The writer, global chief strategist of Morgan Stanley Investment Management, is the author of “ The Ten Rules of Successful Nations ”
Conventional wisdom is that US President Joe Biden is end an “era of small government” and unfettered free market capitalism that dates back to Ronald Reagan and Margaret Thatcher in the 1980s. But that era is a myth.
Since 1980, government spending remained stable and even increased slightly as a percentage of gross domestic product in the United States, the United Kingdom and other developed economies. Deficits have gone from rare to routine, in good and bad years. Public debt of developed countries has skyrocketed – in the United States more than 120 percent of GDP last year. The government is just as big and more interventionist as ever.
The growing economic role of government goes well beyond deficits and debt. American social spending, including Medicaid, Medicare, and Social Security, gradually grew from less than 10 percent to over 17 percent of GDP between 1980 and the end of 2020. The welfare state has grown steadily.
The same goes for the regulation state. Expenses by American regulatory agencies arose under every president after Reagan. the federal manual regulations gradually gained momentum, before Donald Trump. The same basic trend holds for the UK.
Business rescues have become standard procedure. Once reserved for sole proprietorships, the bailouts were extended to an entire industry during the savings and loan crisis of the ’80s and’ 90s. After 2008, they were extended to major banks and automakers. During the pandemic, bailouts were offered to almost every business that requested them.
In developed countries, governments have deployed more fiscal stimulus as a percentage of GDP with each successive crisis. In the United States, fiscal stimulus has hit a new post-world war record of 4% of GDP after the dotcom collapse, 7% after the financial crisis and 13% last year.
It is also difficult to maintain the fiction that central banks are not part of big government. They are joined at the hip. Governments cannot run deficits and debts so sharply without central bank support. And central banks have developed aggressive support, both in keeping borrowing costs low and as buyers in debt markets. I calculate that last year the combined fiscal and monetary stimulus measures hit a record 28% of GDP in the United States and 40% on average in developed economies.
So why does the myth of the small government flourish, when these facts do not support it?
the history is generally told as a story of ideas, starting with deregulation, tax cuts, and other anti-state policies under Reagan and Thatcher. Their centrist successors, from Tony Blair and Bill Clinton to Barack Obama, are seen as followers of those free market orthodoxies, which have helped spread “neoliberal” ideology around the world. By mixing up the many episodes in which neoliberal thought has shaped politics, commentators create the picture of a constant decline in government.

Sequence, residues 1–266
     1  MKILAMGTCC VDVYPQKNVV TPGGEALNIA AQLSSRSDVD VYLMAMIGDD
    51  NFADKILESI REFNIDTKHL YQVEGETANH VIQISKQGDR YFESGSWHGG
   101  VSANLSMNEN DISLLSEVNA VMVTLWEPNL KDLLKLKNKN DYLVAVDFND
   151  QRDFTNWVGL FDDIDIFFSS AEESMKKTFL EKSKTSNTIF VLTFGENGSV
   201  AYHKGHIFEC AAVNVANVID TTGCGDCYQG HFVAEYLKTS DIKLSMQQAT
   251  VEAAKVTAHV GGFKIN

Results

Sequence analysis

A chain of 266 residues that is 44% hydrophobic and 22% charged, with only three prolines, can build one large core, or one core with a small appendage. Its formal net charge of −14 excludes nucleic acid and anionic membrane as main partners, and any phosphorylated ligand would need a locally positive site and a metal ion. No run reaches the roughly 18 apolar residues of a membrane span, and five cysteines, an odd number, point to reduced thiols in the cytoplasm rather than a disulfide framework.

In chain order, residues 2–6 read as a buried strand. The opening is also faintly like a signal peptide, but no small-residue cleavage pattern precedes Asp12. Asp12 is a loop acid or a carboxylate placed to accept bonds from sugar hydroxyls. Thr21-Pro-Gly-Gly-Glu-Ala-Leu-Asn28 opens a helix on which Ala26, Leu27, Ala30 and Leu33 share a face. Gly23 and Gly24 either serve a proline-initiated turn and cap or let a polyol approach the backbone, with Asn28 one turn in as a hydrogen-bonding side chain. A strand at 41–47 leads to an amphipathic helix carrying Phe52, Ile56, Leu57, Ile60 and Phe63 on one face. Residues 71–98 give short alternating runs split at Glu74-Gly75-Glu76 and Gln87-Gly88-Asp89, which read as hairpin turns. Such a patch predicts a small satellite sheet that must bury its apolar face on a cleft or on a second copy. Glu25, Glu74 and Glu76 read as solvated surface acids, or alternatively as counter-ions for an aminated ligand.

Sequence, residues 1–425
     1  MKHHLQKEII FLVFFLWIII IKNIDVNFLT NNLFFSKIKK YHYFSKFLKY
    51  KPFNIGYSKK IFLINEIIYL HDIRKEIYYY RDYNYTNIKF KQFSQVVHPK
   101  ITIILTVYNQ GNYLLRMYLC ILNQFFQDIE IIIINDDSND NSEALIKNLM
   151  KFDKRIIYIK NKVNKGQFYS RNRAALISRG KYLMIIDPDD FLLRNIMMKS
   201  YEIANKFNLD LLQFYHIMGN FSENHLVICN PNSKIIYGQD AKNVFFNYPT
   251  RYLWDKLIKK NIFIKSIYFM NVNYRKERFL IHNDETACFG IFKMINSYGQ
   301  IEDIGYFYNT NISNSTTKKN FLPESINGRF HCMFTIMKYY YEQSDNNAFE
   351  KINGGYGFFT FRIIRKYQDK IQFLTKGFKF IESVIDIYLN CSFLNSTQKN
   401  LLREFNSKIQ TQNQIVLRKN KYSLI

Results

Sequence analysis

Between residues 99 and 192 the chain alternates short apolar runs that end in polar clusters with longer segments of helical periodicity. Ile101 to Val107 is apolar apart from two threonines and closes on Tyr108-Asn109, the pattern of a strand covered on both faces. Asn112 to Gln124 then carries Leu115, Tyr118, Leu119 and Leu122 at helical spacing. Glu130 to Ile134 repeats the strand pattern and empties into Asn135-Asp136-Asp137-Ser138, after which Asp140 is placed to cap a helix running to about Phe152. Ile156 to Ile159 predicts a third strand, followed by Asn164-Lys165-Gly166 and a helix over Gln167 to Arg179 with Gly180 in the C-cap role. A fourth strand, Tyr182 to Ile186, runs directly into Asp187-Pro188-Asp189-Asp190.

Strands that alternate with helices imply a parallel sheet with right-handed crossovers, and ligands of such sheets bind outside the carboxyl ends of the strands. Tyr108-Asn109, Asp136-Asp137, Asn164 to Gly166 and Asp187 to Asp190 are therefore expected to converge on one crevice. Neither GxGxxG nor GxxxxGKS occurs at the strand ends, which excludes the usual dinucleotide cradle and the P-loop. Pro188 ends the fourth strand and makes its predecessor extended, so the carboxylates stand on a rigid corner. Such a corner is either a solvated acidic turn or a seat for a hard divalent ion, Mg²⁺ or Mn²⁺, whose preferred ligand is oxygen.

But free market ideas have not reduced the size of the state ship, except for some privatization of state-owned enterprises. Much of the rest was just conversation. Many Republicans echoed Reagan’s view that “the government is the problem”, but their main solution has been to cut taxes, rarely matched by spending cuts. Since 1980, every Republican president has experienced deficits every year, as have all Democrats except Clinton.
The perception that governments have pulled out, letting the markets run wild, is also being influenced by the surge in stock and bond prices. Worth $ 12 billion in 1980, global stocks and bonds are now worth nearly $ 370 billion. But that rise may be less the result of government withdrawal, in the form of deregulation, than of state support, especially bailouts and easy money from central banks.
Finally, the free market ideology has transformed the former socialist states of China, India and Eastern Europe, where the state now plays a much smaller economic role than 40 years ago. This reality, drawn from the emerging world, may have encouraged a misperception that governments were retreating everywhere. Progressive Biden supporters can to rent him for ending the small government, but that did not happen in the United States.
The debate over Biden’s leadership in America and around the world must begin with a clear understanding of where he came from. His plans – for several multi-billion dollar spending programs, new regulations, etc. – are accurately described as the most radical of any president in decades. But they do not mark an end. They signal the latest escalation of great government.